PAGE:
England’s system of student financing must surely be one of the worst anywhere. Luckily Brexit is hogging the limelight, otherwise the English student loan system would rightly be seen as the prime example of government incompetence and hubris.
Here is how it works. Students pay back over 30 years what they have borrowed. The repayment schedule is 9% of earnings over a £21k annual salary. Which is in effect the equivalent to additional marginal tax rates of 11.25% for 20% taxpayers, and 15% for 40% taxpayers. (40% taxpayers will effectively be paying 55 pence tax and student loan repayments on every additional £1 earned.)
Yet, this system is vigorously defended at every opportunity by the current “low-tax” Tory government and their ex-partners, the Liberal Democrats. A usurious 6.1% interest rate is supposed to help our youngsters to get a university education, while the government can borrow virtually for free. This high interest rate has to be repaid from the wages of graduates, making them more expensive than they should be to our economy, and reducing our competetiveness in the world.
It is based on the Wonga economy the UK is famous for, the backbone of the pay-day loan and credit card industry, where good borrowers subsidise the ones who will not or cannot pay.
The most recent update to the student loan system – a steep hike in interest rates (valid from this September) is the equivalent to shooting yourself in our own foot. Which will go nicely, I suppose, with the “cutting off nose” Brexit proposed by the most useless government ever. The highest earners are expected to repay up to £40k more in a life-time, while more students will have their student debt spiralling out of control.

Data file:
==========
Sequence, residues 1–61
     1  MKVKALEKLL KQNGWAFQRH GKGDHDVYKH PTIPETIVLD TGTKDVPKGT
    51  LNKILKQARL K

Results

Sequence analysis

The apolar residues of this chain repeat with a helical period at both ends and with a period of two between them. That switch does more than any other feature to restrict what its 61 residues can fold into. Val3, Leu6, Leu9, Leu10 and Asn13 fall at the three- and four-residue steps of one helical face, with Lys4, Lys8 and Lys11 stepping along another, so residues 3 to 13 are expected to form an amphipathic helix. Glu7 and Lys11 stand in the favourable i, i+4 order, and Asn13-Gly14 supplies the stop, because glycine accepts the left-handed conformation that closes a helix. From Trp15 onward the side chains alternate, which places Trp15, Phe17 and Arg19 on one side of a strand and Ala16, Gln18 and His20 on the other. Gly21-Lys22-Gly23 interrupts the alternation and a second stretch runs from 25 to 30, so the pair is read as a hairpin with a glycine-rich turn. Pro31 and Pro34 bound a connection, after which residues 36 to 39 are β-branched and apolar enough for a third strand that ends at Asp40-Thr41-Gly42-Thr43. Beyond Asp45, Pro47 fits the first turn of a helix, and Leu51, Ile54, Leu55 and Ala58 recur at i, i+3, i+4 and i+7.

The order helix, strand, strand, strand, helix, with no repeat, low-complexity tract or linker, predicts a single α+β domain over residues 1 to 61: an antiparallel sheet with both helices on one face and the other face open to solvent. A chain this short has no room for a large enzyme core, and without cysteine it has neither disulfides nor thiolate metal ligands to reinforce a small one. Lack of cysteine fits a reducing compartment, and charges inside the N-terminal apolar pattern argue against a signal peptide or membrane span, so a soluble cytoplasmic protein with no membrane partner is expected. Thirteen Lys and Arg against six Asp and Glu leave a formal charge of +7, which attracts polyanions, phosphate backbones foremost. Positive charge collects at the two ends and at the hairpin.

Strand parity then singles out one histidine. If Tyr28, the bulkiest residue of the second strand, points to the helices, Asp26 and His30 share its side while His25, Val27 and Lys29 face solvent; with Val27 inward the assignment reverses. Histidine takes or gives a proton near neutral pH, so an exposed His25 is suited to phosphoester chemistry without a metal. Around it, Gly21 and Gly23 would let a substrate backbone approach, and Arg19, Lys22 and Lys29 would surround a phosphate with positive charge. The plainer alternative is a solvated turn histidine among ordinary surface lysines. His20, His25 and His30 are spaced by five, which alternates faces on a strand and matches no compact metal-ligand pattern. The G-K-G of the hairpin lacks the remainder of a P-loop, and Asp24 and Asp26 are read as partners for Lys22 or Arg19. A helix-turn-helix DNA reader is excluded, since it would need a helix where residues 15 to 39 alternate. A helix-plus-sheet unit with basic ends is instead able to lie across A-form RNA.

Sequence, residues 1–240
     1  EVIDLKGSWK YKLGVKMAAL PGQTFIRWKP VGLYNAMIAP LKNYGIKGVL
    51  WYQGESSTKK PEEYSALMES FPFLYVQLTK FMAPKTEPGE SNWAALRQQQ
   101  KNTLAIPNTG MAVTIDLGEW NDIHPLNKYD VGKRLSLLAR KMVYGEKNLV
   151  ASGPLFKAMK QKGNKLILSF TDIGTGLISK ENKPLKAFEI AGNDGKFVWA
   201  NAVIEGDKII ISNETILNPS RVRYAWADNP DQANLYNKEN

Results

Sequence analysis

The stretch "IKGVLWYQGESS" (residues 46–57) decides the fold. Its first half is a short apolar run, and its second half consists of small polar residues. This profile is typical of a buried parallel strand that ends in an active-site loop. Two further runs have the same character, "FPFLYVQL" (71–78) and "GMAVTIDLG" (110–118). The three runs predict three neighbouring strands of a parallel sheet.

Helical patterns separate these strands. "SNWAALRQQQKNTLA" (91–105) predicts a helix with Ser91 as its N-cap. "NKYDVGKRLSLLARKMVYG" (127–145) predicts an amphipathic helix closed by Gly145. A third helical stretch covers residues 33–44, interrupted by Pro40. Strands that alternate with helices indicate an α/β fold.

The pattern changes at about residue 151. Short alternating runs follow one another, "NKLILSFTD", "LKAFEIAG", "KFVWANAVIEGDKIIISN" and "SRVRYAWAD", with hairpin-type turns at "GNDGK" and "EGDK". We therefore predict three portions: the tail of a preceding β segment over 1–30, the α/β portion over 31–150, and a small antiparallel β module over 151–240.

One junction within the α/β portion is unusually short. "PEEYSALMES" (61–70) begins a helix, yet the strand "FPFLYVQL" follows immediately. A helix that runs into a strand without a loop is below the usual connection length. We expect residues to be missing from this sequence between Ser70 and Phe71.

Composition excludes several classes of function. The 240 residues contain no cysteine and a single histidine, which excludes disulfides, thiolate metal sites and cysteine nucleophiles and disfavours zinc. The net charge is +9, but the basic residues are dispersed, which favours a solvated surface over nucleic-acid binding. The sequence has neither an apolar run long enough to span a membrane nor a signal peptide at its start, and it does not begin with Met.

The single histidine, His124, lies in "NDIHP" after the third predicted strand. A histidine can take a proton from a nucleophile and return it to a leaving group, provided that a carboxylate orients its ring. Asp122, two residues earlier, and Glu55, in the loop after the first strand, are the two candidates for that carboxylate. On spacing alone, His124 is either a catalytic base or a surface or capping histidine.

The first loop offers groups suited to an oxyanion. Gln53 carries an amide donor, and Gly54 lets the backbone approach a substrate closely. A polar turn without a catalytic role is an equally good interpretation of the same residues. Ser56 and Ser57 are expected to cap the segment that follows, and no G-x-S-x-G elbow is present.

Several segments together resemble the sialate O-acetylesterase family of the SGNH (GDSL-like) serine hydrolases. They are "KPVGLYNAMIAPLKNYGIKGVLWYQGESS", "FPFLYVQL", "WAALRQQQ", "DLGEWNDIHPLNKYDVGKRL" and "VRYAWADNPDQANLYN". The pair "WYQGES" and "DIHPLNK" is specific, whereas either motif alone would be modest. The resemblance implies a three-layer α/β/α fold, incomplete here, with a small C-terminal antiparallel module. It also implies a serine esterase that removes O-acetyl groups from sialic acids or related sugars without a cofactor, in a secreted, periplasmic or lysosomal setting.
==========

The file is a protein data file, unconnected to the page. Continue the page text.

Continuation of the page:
Projected Higher Education cost to Government – 1/3 of total cost
The aim of the Student Loan System is to reduce the amount of money the state spends on Higher Education. (Having decided that 1.5% of public expenditure for universities is too expensive and unaffordable for the sixth largest economy in the world!)
In 2017 the total cost of University funding to the state will be £17bn. That government money is (mainly) lent to students to pay for tuition and maintenance. The government expects that only about 2/3 gets repaid, leaving the government with £5.9bn bill to finance higher education.
Other forecasts predict that three quarters of students will not repay their loans in full. Only one quarter will. That is not a debt system. That is a BAD debt system. Where a huge proportion is written off.
All this is based on the Institute of Fiscal Studies report just released.
The IFS predictions could be too optimistic. For example, to fully repay a £50k student loan after graduation, your initial salary of £23k will have to go up by 6.3% each year, after 15 years you will have to earn £58k and after 30 years £145k.
(In order to repay the almost £117k now due in interest and principal over a 30 year period, you will have to earn about £200k before tax.)
So basically, that is some fairly steep salary progression. Yet the IFS believes a quarter of graduates will be able to earn this or more over the next 30 years to repay their loans in full.
Keep in mind that average earnings over last 15 years only increased by 2.3% per year, that is wishful thinking. The IFS does not give us any details how they come to their assumption. So their guess is as good as anyone’s. The safest prediction here would be that the government will yet again undershoot its own prediction.